Deathrow is easy to pick up and play, but there are plenty of subtle gameplay mechanics to master. The A button allows you to pass the disc to your teammates, and you'll have the ability to bounce passes off walls as well. There are two different passing modes used in the game. You can choose to have the game automatically switch your control to the player with the disc, or you can choose to play as just one character and work the give-and-go with computer-controlled players. The A button also allows you to punch your opponents while on defense. The B button allows you to shoot the disc toward the goal, and it will automatically lock on to it. It can also be used to kick while on defense. The Y button allows you to jump while on offense or defense, and it facilitates moves that are similar to dunking in basketball. While on defense, pressing the A and B buttons together allows you to perform grabs and throws. Changing players is accomplished with the black button, which can be rather awkward. If the opposition gives you a good beating, you'll be down for the count and will have to tap the A and B buttons to get back up. Adding significantly to the realism is the fact that computer players will sometimes accidentally strike each other and do damage if they miss with an attack. The game also employs a simplistic block and counter system that gives it just the right amount of depth for a console game. Power-ups that temporarily increase attributes like speed, power, and momentum are scattered throughout the arenas.

Deathrow began its life as a PC game, which made it easy for the team to get it up and running on the Xbox. The game uses a great deal of visual trickery such as bump mapping, specular highlighting, environmental mapping, and more. There are more than 800 different animations included in the game, and some of them are simply outrageous. You can spin players around by their heads and send them flying into other players, and the game will pause when you perform the more impressive moves and pan around the action in a style similar to some of the camerawork in The Matrix. Each player is made up of a whopping 7,000 polygons and features high resolution textures to make sure that the alternate costumes are easy to pick out. The game also includes a great deal of blood, and it is fully deserving of its M rating. Despite all these graphical effects and eight players onscreen at once, the game never slows down. Like traditional sports games, at the conclusion of each game, you're treated to a host of replays that recap the action.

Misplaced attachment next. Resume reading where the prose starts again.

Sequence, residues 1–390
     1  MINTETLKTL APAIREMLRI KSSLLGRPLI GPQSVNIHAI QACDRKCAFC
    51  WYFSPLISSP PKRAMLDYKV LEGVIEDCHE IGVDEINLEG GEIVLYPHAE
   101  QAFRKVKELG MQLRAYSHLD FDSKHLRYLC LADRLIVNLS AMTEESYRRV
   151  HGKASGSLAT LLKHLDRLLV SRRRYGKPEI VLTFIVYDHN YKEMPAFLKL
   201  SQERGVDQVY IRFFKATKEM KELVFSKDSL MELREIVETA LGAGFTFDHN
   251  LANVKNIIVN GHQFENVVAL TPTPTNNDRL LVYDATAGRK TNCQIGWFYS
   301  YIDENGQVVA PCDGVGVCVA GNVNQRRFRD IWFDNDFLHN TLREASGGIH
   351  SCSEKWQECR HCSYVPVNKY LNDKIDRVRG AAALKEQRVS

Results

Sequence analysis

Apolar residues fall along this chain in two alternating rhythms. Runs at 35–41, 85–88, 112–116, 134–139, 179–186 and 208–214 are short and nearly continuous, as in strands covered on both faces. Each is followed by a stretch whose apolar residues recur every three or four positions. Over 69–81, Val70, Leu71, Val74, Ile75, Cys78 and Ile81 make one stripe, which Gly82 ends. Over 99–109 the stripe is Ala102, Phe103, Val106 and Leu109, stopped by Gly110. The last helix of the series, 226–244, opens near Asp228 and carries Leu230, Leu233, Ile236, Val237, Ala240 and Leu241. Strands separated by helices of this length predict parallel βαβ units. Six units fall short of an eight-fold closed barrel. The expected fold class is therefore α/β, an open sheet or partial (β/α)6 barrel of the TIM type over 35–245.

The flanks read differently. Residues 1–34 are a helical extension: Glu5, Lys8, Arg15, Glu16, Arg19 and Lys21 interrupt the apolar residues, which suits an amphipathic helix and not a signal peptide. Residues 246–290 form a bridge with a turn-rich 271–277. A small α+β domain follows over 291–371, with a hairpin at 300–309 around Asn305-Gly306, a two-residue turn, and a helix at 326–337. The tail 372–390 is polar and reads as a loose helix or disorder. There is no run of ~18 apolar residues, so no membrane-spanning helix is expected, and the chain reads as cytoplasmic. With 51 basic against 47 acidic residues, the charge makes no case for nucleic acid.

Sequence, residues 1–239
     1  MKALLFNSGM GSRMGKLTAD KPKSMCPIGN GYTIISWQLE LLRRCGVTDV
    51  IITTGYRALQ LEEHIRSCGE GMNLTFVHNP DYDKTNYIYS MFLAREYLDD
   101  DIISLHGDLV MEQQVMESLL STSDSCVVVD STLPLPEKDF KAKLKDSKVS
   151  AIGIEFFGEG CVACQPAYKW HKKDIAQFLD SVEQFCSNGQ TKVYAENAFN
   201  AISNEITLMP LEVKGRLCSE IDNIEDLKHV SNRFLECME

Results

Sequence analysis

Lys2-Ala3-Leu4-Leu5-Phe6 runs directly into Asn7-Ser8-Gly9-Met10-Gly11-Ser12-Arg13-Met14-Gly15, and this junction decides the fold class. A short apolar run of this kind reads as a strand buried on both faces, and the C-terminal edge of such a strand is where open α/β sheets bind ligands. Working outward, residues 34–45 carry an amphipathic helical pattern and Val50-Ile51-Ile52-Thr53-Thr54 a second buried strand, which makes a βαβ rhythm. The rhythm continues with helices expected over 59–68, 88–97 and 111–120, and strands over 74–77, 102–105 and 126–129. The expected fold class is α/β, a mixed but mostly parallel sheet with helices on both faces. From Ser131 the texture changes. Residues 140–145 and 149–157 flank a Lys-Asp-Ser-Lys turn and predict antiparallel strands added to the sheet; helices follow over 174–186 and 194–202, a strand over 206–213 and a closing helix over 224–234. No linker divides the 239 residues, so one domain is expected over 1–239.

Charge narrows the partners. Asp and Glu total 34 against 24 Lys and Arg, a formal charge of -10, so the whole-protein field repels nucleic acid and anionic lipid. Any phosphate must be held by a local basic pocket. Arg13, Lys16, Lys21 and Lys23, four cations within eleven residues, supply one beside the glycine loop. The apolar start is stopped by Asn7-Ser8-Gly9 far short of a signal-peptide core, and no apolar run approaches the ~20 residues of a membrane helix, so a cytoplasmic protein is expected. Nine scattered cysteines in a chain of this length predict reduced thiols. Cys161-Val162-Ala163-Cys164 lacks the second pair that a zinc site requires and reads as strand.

There will be 3,000 words' worth of voice acting in the finished game, and most of those are used for taunts. Each player has specific taunts that can be triggered at any time. Talking trash to the opposing team's goalie can sometimes cause him to lose his composure and get out of position. The game will make use of in-game Dolby Digital 5.1 sound, though it was impossible to hear above the roar of E3.

Part fighting game, part hockey, Deathrow is an interesting take on the sports genre. With plenty of things to unlock, three difficulty settings, and an addictive multiplayer mode, fans of multiplayer gaming would do well to keep an eye on this one. Deathrow is currently scheduled for release in October in the US and September in Europe. Look for more on the game when we receive a playable build and have more time to give it a go.